Issue:  Vol. 44 / No. 42 / 16 October 2014
 

SF AIDS Foundation CEO being honored with park naming in Arizona

10003715_10153942876040603_990506569_oSan Francisco AIDS Foundation CEO Neil Giuliano is being honored with his very own public park.

The city of Tempe, Arizona, where Giuliano served as mayor from 1994 to 2004 and continues to own a home, is dedicating a lakeside open space in his honor on May 10.

The date coincides with the twentieth anniversary of his first election as mayor. As the poster announcing the dedication ceremony explains, Giuliano oversaw construction of the city’s Tempe Town Lake and its waterside amenities while mayor.

It adds that Neil G. Giuliano Park is a “vital link” in the park system that surrounds the lake. Prior to his stepping down as mayor, the city council had voted to christen the south side of Tempe Town Lake between Rural Road and Mill Avenue in honor of Giuliano, according to the East Valley Tribune.

“Humbled, honored, grateful. Hard to fathom it’s been twenty years since ‘Bridging to the Future,’” Giuliano wrote on his Facebook page. He added that, “I did nothing by myself and many people deserve thanks.”

He maintains close ties to his former hometown, where he not only owns property but is also registered to vote. In an interview with the Bay Area Reporter in 2012 to discuss his memoir, he explained that he saw no need for him to cast ballots in California elections.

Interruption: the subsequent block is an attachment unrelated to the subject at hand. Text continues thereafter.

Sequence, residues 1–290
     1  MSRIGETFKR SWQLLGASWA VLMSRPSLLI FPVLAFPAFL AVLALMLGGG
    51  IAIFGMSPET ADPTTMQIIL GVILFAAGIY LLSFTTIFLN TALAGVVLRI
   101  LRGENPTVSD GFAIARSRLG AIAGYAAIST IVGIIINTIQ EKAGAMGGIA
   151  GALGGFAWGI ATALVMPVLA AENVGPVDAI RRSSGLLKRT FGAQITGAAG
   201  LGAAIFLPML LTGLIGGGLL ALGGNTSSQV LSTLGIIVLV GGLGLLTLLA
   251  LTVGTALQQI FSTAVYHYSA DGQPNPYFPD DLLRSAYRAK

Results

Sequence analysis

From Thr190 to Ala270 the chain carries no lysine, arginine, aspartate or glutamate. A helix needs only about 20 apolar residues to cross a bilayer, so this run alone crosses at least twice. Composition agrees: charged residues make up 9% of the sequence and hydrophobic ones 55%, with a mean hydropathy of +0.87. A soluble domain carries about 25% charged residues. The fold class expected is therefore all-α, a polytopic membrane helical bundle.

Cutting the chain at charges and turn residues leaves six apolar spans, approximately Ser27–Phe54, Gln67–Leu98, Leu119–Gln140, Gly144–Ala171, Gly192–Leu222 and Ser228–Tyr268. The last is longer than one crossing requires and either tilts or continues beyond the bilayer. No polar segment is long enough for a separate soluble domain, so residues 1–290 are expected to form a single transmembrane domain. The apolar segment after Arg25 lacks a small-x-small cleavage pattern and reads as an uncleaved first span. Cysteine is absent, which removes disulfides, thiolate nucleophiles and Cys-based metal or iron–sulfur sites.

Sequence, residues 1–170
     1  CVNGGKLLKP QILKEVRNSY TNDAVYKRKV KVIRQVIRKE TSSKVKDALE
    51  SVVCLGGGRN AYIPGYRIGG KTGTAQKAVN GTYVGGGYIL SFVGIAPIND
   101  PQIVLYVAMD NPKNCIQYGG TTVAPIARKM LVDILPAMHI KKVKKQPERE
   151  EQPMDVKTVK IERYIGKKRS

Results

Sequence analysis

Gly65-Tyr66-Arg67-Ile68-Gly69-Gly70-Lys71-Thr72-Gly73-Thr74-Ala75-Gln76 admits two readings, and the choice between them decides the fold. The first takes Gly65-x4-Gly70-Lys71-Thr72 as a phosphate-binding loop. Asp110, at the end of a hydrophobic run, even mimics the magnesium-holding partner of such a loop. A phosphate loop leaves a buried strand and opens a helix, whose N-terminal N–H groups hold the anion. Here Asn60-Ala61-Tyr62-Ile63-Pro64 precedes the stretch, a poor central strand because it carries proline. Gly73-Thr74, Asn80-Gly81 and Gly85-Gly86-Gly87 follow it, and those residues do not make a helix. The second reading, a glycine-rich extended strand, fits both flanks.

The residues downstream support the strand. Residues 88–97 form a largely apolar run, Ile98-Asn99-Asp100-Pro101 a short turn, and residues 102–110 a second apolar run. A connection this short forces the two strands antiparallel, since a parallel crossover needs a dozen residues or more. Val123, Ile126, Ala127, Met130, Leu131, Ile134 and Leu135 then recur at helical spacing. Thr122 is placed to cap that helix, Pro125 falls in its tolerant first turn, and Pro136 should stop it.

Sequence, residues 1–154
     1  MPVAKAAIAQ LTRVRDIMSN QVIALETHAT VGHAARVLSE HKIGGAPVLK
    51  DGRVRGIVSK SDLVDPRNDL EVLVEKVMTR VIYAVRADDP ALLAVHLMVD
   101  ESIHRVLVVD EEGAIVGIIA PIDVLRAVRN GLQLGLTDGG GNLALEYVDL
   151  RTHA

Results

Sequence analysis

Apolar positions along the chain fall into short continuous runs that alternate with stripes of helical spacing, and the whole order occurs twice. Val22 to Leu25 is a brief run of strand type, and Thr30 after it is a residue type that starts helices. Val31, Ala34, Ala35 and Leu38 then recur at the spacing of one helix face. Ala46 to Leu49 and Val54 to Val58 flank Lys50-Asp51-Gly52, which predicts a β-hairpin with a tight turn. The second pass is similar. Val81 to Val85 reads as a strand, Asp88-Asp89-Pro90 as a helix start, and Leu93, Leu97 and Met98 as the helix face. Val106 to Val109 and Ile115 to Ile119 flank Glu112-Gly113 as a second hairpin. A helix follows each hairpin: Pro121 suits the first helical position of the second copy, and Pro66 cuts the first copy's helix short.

“No one needs me to vote in northern California. My political influence is pretty nil there,” said Giuliano, who was a Republican while an elected official in Tempe but later switched to being a Democrat.

In 1974, after graduating high school in New Jersey, Giuliano moved west to attend Arizona State University. Later he ran for and won a seat on the Tempe city council in 1990 at the age of 33.

He came out of the closet as a gay man while serving as mayor. After leaving public office, Giuliano landed the job of president of the Gay and Lesbian Alliance Against Defamation in 2005, in which he served until 2009.

The San Francisco AIDS Foundation hired him as its CEO in 2010. He is one of the city’s highest paid executive directors overseeing an LGBT-focused nonprofit; his total compensation was $319,933 in the 2012-13 fiscal year, as the B.A.R. disclosed this week.

— Matthew S. Bajko, March 20, 2014 @ 2:46 pm PST
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